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bewildered 4 star member
Sunday, 8 June 2008 at 6:52pm
Wednesday, 20 December 2017 at 7:07pm
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Thread: MA by Research Doctoral Upgrade Advice

posted
20-Dec-17, 19:18
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posted about 1 month ago
Why do you want to do a PhD? If it's just for the title and not for career purposes then maybe speedy completion is the main concern (although I'd be sceptical that you could complete in two years while working p/t) but if you have hopes of an academic career, it might be worth thinking about a couple of things.

1) Are you in an ultra competitive field like Eng Lit or History? If so you will need teaching experience and publications and conferences to even stand a chance of a p/t teaching fellowship at the end of it. That is hard to manage financially as a self-funder working p/t too. Getting AHRC funding too is a nice line on your cv if you think you'd be competitive.
2) Is the current topic / supervisor / university ideally how you'd want your PhD to look or is it compromises? If you are in a field where prestige of institution and supervisor matters eg philosophy too many compromises might make you uncompetitive.

Thread: Crossroads for Academic Career

posted
19-Dec-17, 22:08
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posted about 1 month ago
Firstly, no job is worth destroying your health for - and I know far too many unhappy academics who admit that the constant rejection and criticism is really wrecking their mental health and who wish they had jumped ship rather than assuming they'd eventually get a thicker skin. And let's face it, however much success we've had, that one really mean reviewer or ob rejection can knock self-confidence a lot. Do you have any sort of sense about whether it's the lack of long-term certainty or academia in general that's really getting to you at the moment? That might give you a clue of what to do.
It must be incredibly frustrating to be doing everything right but not getting anywhere. Does looking at who is getting the jobs give you any clues? If eg as a quallie you're stuck on the wrong end of a hiring market that wants quants? Or an unfashionable area of expertise? If you were getting interviews, I'd say you'll get there in the end but the no interviews with what sounds like a strong cv makes me wonder if the market is working against you in some way. I don't know Australian sociology but i'm also a social scientist and know for my subject some australian departments are obsessed with mimicking US trends, which is bad news for quallies.
To some extent yes all jobs have their downside but there's a special something about academia and mental health that stinks. You might indeed be happier in a different field. Maybe even charting the possibilities would give you a sense that you were regaining control over your future? Final thought does your university offer dedicated career advice for postdoc researchers? Mine does, it's good and few people take up the support. It might be worth a try if it exists.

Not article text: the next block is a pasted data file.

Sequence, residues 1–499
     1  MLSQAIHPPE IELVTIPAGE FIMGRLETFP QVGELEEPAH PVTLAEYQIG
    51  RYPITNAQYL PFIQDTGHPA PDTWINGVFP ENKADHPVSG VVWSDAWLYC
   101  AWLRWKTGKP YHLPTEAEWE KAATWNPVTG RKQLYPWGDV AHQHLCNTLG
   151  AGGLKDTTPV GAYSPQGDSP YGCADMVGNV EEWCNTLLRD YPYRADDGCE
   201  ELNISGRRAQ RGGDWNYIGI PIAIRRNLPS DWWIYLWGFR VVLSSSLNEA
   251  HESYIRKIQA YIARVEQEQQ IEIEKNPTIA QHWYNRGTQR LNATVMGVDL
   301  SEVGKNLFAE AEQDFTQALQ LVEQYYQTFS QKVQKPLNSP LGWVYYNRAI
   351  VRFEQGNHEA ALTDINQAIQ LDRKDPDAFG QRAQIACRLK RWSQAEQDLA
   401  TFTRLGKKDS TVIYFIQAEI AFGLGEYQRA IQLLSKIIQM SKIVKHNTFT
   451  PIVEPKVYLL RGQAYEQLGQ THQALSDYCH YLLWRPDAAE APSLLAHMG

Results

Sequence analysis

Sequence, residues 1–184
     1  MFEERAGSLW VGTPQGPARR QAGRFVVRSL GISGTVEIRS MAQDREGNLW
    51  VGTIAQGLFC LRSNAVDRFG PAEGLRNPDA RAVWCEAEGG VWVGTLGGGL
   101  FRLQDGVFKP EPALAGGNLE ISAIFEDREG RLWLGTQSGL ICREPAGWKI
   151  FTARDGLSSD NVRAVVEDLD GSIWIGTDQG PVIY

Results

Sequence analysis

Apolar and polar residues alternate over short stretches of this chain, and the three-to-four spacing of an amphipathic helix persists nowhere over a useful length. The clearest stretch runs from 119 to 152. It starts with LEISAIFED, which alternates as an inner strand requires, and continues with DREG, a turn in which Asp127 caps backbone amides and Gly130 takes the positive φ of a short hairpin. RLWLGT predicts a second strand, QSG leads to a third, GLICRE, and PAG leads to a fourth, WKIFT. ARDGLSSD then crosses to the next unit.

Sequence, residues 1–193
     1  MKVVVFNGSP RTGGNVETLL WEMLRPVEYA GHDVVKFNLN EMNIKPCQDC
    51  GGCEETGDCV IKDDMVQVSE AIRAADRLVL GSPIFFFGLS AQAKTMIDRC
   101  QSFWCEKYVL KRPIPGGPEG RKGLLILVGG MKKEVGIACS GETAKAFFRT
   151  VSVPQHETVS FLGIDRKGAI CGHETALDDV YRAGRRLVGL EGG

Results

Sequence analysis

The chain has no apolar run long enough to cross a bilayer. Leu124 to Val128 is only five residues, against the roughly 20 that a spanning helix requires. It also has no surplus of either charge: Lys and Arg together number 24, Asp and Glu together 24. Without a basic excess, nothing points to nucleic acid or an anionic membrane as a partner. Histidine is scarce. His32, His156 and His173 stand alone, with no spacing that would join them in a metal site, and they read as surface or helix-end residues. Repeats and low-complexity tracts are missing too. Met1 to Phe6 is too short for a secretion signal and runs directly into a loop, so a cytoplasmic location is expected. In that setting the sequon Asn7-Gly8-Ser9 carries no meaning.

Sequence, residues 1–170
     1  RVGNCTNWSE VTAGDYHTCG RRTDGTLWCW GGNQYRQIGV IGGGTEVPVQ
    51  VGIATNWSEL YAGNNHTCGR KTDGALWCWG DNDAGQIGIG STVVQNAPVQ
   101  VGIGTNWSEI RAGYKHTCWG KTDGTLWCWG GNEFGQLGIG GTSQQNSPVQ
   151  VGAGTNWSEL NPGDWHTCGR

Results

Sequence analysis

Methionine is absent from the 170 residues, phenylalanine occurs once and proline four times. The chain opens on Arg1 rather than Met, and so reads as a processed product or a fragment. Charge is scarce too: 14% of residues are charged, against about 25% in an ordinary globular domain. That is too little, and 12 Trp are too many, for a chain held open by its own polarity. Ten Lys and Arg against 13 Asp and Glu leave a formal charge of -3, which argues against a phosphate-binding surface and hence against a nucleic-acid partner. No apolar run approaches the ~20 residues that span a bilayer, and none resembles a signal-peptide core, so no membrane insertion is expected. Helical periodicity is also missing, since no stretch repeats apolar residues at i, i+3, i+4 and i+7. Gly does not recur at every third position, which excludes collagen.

Thread: Thinking of starting a PhD in Education (aged 49)

posted
11-Dec-17, 15:32
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posted about 1 month ago
Might an EdD programme be a good fit with what you want to do - it seems to be manageable alongside a day job and more connected to praxis (or so a friend with one says).

Thread: My department purposefully delayed my viva and being so unprofessional. Should I report this?

posted
06-Dec-17, 23:02
edited about 6 seconds later
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posted about 1 month ago
Forgot to add - a lot of these complaints are targeted at the wrong person and so cause zero grief to the guilty party but a lot to people who had nothing to do with it.

Thread: My department purposefully delayed my viva and being so unprofessional. Should I report this?

posted
06-Dec-17, 23:01
edited about 25 seconds later
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posted about 1 month ago
Suggestion: complain yes but not to the department but to the administrator's line manager and make it formal. Students tend to complain about the department but academics have no power over administrators.

Thread: Is a PhD possible with Undergraduate Distinction and an upper 2:2 for Masters?

posted
02-Dec-17, 00:06
edited about 1 second later
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posted about 1 month ago
Interesting I didn't know the 3.5 model could be used for methods training. We've only tried it for PhDs needing difficult language learning but maybe the DTPs differ in their interpretation of what they'll fund.

Thread: Is a PhD possible with Undergraduate Distinction and an upper 2:2 for Masters?

posted
01-Dec-17, 18:29
edited about 18 seconds later
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posted about 1 month ago
For the social sciences a masters has been expected for the last two decades. The ESRC made it an expectation in the late 1990s I think, when they started funding research methods MA/MSc programmes.

Thread: How can I get PhD offers? Please help

posted
30-Nov-17, 21:36
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posted about 2 months ago
But are those not attributes that if possessed should have produced 2:1 / merit results in the earlier degrees given how few don't manage to get a 2:1 nowadays. That's how unis tend to see it anyway.

Thread: Supervisors as co-authors but relationships sour

posted
30-Nov-17, 21:31
edited about 7 seconds later
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posted about 2 months ago
Couple of points:

1) Do you actually possess the intellectual copyright to your results? I.e. where is your funding from and does it involve a grant gained by the former advisors? It might not be as straightforward as walking away and saying you're not being on my papers as I've fallen out with you.